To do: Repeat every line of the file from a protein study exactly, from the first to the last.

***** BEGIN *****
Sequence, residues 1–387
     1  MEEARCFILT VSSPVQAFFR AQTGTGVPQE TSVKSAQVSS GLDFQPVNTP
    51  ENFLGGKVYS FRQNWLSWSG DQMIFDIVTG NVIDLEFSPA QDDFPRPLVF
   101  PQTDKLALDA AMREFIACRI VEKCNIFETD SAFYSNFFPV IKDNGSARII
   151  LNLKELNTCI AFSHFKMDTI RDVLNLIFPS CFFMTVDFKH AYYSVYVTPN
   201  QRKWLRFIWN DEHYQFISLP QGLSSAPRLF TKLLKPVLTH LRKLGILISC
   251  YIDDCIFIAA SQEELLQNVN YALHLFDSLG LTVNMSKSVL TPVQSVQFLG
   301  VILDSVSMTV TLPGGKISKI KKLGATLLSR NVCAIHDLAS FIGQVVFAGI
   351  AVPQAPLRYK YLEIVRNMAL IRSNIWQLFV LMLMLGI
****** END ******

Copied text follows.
Sequence, residues 1–387
     1  MEEARCFILT VSSPVQAFFR AQTGTGVPQE TSVKSAQVSS GLDFQPVNTP
    51  ENFLGGKVYS FRQNWLSWSG DQMIFDIVTG NVIDLEFSPA QDDFPRPLVF
   101  PQTDKLALDA AMREFIACRI VEKCNIFETD SAFYSNFFPV IKDNGSARII
   151  LNLKELNTCI AFSHFKMDTI RDVLNLIFPS CFFMTVDFKH AYYSVYVTPN
   201  QRKWLRFIWN DEHYQFISLP QGLSSAPRLF TKLLKPVLTH LRKLGILISC
   251  YIDDCIFIAA SQEELLQNVN YALHLFDSLG LTVNMSKSVL TPVQSVQFLG
   301  VILDSVSMTV TLPGGKISKI KKLGATLLSR NVCAIHDLAS FIGQVVFAGI
   351  AVPQAPLRYK YLEIVRNMAL IRSNIWQLFV LMLMLGI